TECHNICAL FIELD OF THE INVENTION
- BACKGROUND ART
The present invention relates generally to telecommunication networks, and, more particularly, to disaster recovery techniques used in telecommunication networks.
With the popularity and convenience of networking computer systems, data sharing among users through databases has become common in many business environments. Providing central access to information via databases requires careful consideration of database maintenance and management. Further, recovery techniques are essential in ensuring database coherence following a hardware/device failure or application logic failure.
In general, recovery techniques reset a system or data stored in a system to an operable state following damage and provide a process of rebuilding databases by restoring a backup copy.
In any data recovery system there are two points of interest:
- First, the Recovery Point Objective (RPO), which defines the maximum planned variance between the original data and the backup copy.
- Second, the Recovery Time Objective (RTO), which defines the maximum time for the re-establishment of service.
One of the most simplistic forms of system backup includes physically transporting copies of data made on magnetic tapes to a remote archiving site. Generally, this requires a user to halt all database activity while making the backup tape. The disaster recovery process then involves using the backup tape to recover the databases.
A more modern form of system backup uses a network interconnection to perform periodic backups of a production site. The times when such backups occur is controlled by a network administrator. The method for restoring the application server includes installing a new system starting with hardware that has similar characteristics to the old system and restoring the backed up image of the system from the recovery site.
Another prior art system supplied by Veritas (available on the Internet for download via the URL: http://www.veritas.com/Products/www?c=product&refId=140 at the filing date of the present patent application) contemplates an architecture of software modules for controlling the various phases necessary for the correct execution of the backup procedure and the subsequent phase of restoring clients. In particular, the Veritas solution uses different servers for each separate functional aspect including a server for the control and management of backup operations, a server for the control of the client restore phase, a server that provides the clients with the programs and configurations necessary for the restore, and, finally, a server for the management of remote booting.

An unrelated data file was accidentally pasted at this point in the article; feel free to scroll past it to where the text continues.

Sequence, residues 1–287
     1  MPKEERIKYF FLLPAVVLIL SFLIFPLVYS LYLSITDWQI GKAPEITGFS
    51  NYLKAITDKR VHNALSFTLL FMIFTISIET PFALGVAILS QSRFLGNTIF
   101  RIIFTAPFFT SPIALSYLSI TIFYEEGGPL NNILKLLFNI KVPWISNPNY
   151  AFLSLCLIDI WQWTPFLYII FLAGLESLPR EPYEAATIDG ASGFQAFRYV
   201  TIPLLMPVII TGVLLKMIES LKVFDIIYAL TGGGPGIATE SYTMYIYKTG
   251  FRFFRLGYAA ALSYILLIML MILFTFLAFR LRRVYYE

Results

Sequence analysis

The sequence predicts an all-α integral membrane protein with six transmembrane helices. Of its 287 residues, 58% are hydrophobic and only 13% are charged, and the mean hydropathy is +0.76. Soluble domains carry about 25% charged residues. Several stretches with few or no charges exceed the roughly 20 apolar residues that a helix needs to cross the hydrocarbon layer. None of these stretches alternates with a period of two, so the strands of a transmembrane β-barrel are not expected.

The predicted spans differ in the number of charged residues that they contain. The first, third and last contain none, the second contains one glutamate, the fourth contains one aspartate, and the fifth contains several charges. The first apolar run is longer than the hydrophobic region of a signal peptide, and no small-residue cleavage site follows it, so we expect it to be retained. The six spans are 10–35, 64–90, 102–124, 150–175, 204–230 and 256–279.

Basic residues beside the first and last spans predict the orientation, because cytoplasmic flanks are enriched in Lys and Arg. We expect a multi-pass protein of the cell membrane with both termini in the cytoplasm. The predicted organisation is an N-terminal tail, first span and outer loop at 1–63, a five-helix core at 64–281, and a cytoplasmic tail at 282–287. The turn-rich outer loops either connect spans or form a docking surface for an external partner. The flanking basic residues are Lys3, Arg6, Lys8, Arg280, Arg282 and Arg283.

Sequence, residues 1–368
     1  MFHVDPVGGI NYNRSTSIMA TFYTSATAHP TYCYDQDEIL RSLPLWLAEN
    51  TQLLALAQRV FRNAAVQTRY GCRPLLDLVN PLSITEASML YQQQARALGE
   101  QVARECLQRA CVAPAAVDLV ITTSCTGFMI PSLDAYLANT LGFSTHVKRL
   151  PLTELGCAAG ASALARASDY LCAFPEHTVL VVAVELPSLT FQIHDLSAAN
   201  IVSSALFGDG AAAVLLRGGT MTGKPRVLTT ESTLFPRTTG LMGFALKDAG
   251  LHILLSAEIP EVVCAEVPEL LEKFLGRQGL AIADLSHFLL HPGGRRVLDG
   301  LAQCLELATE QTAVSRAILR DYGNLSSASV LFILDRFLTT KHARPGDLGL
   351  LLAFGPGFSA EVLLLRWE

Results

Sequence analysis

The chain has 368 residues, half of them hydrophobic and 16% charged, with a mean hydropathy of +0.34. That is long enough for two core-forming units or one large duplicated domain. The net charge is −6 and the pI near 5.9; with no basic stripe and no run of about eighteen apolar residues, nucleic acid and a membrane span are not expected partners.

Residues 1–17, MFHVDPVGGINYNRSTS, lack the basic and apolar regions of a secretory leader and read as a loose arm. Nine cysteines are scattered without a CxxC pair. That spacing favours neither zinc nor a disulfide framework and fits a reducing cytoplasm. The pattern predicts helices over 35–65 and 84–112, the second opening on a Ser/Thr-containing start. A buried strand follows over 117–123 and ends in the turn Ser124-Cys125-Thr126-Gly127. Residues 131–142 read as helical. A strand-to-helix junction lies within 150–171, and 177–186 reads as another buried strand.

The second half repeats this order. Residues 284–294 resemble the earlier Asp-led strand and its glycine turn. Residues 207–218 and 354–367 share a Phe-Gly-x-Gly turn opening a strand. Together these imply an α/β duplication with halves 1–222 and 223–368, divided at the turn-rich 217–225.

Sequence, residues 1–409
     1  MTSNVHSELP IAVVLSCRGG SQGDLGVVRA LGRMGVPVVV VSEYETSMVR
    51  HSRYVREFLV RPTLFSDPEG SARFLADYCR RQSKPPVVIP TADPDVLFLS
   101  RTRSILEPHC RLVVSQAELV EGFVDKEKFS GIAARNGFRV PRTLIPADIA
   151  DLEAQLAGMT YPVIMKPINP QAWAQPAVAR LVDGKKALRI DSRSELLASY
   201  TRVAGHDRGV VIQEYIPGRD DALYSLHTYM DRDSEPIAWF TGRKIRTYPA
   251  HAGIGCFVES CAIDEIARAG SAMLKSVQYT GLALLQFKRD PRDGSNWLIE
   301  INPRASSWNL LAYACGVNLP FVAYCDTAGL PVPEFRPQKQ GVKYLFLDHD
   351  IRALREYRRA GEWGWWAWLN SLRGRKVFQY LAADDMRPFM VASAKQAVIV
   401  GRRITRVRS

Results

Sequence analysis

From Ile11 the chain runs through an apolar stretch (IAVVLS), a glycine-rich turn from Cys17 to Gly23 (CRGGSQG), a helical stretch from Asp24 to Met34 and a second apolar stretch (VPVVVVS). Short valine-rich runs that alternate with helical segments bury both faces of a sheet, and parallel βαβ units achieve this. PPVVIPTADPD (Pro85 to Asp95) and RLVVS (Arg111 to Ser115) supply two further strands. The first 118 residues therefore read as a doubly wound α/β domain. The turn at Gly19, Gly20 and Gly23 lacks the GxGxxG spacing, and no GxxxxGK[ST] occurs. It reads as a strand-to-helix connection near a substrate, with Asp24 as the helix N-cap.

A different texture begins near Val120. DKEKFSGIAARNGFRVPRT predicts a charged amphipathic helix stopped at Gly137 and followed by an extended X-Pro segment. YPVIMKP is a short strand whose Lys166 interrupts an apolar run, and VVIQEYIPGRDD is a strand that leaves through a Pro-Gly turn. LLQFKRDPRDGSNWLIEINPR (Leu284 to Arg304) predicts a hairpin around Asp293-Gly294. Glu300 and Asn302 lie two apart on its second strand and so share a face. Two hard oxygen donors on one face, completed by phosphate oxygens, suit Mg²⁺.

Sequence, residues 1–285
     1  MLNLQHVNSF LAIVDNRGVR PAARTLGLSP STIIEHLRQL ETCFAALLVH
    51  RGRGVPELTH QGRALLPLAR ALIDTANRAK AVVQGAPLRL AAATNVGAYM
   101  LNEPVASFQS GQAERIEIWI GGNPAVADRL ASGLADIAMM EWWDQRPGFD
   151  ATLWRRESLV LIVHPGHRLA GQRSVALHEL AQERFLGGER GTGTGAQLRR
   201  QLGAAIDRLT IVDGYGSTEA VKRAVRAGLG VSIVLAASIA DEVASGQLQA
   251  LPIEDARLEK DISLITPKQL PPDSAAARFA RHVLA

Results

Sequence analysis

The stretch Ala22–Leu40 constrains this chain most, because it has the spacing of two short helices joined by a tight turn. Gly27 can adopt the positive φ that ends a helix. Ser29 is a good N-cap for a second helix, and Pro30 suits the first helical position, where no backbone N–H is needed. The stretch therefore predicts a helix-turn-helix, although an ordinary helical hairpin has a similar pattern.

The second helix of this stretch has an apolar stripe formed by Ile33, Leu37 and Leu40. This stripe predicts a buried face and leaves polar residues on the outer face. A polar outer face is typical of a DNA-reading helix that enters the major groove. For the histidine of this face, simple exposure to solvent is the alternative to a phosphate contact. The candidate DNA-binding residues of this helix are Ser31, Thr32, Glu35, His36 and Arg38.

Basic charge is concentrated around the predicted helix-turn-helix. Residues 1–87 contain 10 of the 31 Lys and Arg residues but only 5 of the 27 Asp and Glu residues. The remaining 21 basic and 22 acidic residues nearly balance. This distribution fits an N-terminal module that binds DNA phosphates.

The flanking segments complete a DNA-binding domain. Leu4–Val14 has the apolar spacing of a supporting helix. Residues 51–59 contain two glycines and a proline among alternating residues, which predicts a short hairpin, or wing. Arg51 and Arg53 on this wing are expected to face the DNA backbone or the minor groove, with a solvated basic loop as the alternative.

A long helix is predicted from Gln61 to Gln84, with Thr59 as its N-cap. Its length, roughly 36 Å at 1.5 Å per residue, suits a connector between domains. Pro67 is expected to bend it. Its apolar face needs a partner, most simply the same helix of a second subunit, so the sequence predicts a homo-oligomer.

Another prior art solution is a Cisco Network Boot System described in a paper entitled “Cisco Network Boot Installation and Configuration Guide, Release 3.1”, available on the Internet for download via the URL: http://www.cisco.com/en/US/products/hw/ps4159/ps2160/products_installation_and_configuration_guide_book09186a00801a45b0.html (at the filing date of the present patent application) that makes copies of the entire system image including the operating system, the applications on the server and the data. The backup is performed manually by a network administrator. The Cisco solution provides the possibility of remotely executing a boot procedure over a network, provided that it has hardware characteristics identical to the primary server from which the replication was made. The recovery server is therefore able to restore a remote copy of the system image from across the network and re-offer the services previously assured by the primary server.
In US Patent publication US2004/0153698 A1, there is provided a system and method of disaster preparedness and restoration of service of damaged or destroyed telecommunication network elements. A computer-implemented method of disaster backup for network elements includes establishing connectivity to a plurality of network elements. A host computer may transmit one or more commands to the network elements for invoking a computer routine to create a plurality of computer readable service continuity data to a local memory of the network elements. An automated system of computer executable components for disaster recovery of network elements includes a computer executable controller component that is configured to select a plurality of network elements designated for disaster backup action. A computer executable engine component is configured to establish connectivity to the plurality of network elements and to transmit one or more commands to the network elements so as to replicate service continuity data for each of said network elements.